first_img Join the conversation → Share this storySenate votes to keep oil tanker ban alive, potentially ending defiant streak in upper chamber as C-69 heads to House Tumblr Pinterest Google+ LinkedIn Opponents of Bill C-69 rally outside a public hearing of the Senate Committee on Energy, the Environment and Natural Resources in Calgary on April 9, 2019.Jeff McIntosh/CP The Apollo 11 moon landing was so boring it must be real If Americans were going to fake the moon landing, you’d better believe there would be some high drama and maybe even an explosion or two.… More Comment 107 Comments Twitter Observers say Conservative and some Independent senators are likely to propose new amendments to C-48 following the Thursday vote, but that those amendments are unlikely to be accepted before the moratorium becomes law.The votes come as a number of Independent senators have been meeting with officials in the office of Environment Minister Catherine McKenna, part of what some observers say are last-minute negotiations over which proposed changes may ultimately be accepted by the Trudeau government.Sen. Yuen Pau Woo, head representative for the Independent Senators Group and member of the energy committee studying Bill C-69, said he has had “technical briefings” with Environment officials about the legislation but denied discussing specific amendments.“I do not know what they will or will not accept, but we have crafted our amendments in such a way that we tried to make consistent with the objectives of the bill,” Woo said in an interview Tuesday.A government source said it is common for federal officials to meet with senators throughout the study of a bill. The person said Environment officials have spoken with a long list of senators in meetings facilitated by non-affiliated Sen. Grant Mitchell, the sponsor of Bill C-69, largely for technical briefings and sometimes to discuss the likelihood of some amendments being accepted.Two leading oil and gas lobby groups, the Canadian Association of Petroleum Producers (CAPP) and the Canadian Energy Pipeline Association (CEPA), proposed about 90 amendments to the bill, which were later put forward by Conservative senators in the final report of the bill.Sen. Woo criticized the nearly word-for-word adoption of the industry-inspired amendments, saying the committee should avoid acting as “stenographers” for corporate interests. Environment Canada also proposed amendments that were tabled through Sen. Mitchell.The industry amendments would amount to a deep restructuring of the bill. They would, among other things, limit the discretionary powers of the environment minister in approving or rejecting major projects, restrict the ability of special interest groups opposed to natural resource development to testify at public hearings, and effectively reverse a bid to sideline the national energy regulator in the decision-making process.In a written statement, McKenna said her office is “carefully considering” the proposed amendments to Bill C-69.“I’m happy that Bill C69 is now through the Senate, despite many delays caused by the Conservatives who wanted to kill the Bill, weaken protections, and limit public discussions,” she said. Meanwhile, the Senate committee’s final report on the C-48 oil tanker moratorium, written by Conservative chair David Tkachuk, said the bill would be “destructive” to Canadian federalism.The highly contentious bill has been criticized for unfairly targeting would-be pipeline projects that would ship oil out of ports along the northern B.C. coast. Environmental advocates and some coastal First Nations support the bill, while a number of other B.C. Indigenous communities have strongly opposed it, saying it restricts their right to develop natural resources on their traditional lands.Bill C-69 has been broadly supported by a number of industry associations, including the Mining Association of Canada, who also forwarded proposed amendments. Environmentalists have also supported the bill, but warn it doesn’t go far enough to protect sensitive ecological regions and account for wider greenhouse gas emissions.Industry groups and environmental advocates are largely in agreement that the Canadian Environmental Assessment Act, passed in 2012 by the Harper government, was in need of an update, saying the bill restricted some aspects of Canada’s environmental assessment regime in a bid to get projects built.• Email: jsnyder@postmedia.com | Twitter: jesse_snyder Email OTTAWA — Senators voted on Thursday to save Ottawa’s controversial oil tanker ban, potentially ending a prolonged pushback in the Senate against legislation that has been met with intense criticism by Western provinces and the energy industry.In a 53-38 vote, senators rejected the adoption of a report that would have effectively killed Bill C-48, the moratorium on oil tankers in northern B.C. waters. Also on Thursday, senators adopted a heavily-amended version of another contentious natural resources bill, C-69, which is now headed back to the House of Commons for review. The legislation would overhaul Canada’s environmental assessment process for major projects like oil pipelines and power lines.Both votes put to rest a long saga in which senators have shown uncommon resistance to government legislation, raising concerns about an overzealous Senate that has acted not just as a chamber of sober second thought, according to critics, but as an outright opposition to the House of Commons.Bill C-48 and Bill C-69 have drawn the ire of provincial governments in the oil-rich provinces of Alberta and Saskatchewan, as well as industry lobby groups who argue they could delay the construction of major energy projects. Industry has been warning Ottawa about C-69 in particular, amid a failure by the oil and gas industry in recent years to build major pipeline projects like the Trans Mountain pipeline expansion, now owned by the federal government.Industry groups and some senators blasted the decision to salvage the tanker moratorium on Thursday.“The vast majority of Trudeau-appointed Senators have decided it is more important to support a bad Liberal bill than to listen to concerns from provincial governments from across the country,” Conservative senate caucus leader Larry Smith said in a statement. The Canadian Chamber of Commerce said it was “deeply disappointed” in the vote and urged senators to find a common ground on the bill.Both bills have received intense scrutiny in the Senate in recent months. The Senate energy committee adopted 188 changes to Bill C-69 on Thursday, the most proposed by the upper house on government legislation in decades.On Bill C-48, meanwhile, the transport committee took the rare move of recommending that the government scrap the legislation altogether, after Independent Sen. Paula Simons voted alongside five Conservative senators to sway a decision in favour of nixing the tanker ban.Senator Paula Simons. Redditcenter_img Senate votes to keep oil tanker ban alive, potentially ending defiant streak in upper chamber as C-69 heads to House Both votes put to rest a long saga in which senators have shown uncommon resistance to government legislation, raising concerns about an overzealous Senate Errol McGihon/Postmedia/File June 6, 20199:15 PM EDTLast UpdatedJune 7, 201910:33 AM EDT Filed underCanadian Politics Jesse Snyder Facebook Featured Stories Recommended For YouAccusations fly at human rights hearing into transgender woman’s Brazilian wax complaintChristie Blatchford: Was Hamilton forensic pathology unit punished for testifying against provincial bosses?Andrew Coyne: Canada Pension Plan caved to pressure from activists — where will it stop?Alberta couple faces scorn over photo with dead lion after U.K. tabloid makes them face of anti-hunting campaignToronto hospital fires around 150 employees after uncovering multimillion-dollar fraud Sponsored By: advertisement ← Previous Next →last_img read more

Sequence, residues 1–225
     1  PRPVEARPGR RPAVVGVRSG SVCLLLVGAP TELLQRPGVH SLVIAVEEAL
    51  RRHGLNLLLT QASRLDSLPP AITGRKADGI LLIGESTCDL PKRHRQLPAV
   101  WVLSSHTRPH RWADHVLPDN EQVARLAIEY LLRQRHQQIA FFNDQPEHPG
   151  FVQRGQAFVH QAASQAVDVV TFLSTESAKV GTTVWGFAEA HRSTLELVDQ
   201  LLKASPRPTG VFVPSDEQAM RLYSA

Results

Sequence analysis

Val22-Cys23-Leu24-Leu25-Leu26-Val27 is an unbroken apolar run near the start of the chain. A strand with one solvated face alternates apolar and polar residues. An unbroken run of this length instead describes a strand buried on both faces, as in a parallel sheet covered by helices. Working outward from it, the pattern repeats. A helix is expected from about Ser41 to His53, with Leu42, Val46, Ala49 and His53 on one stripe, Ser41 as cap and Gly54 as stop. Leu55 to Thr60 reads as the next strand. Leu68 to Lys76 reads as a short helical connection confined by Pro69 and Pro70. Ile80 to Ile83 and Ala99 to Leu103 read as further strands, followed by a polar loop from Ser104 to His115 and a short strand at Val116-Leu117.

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Whats New At Chinas Xpeng Motors Lots Of EV Happenings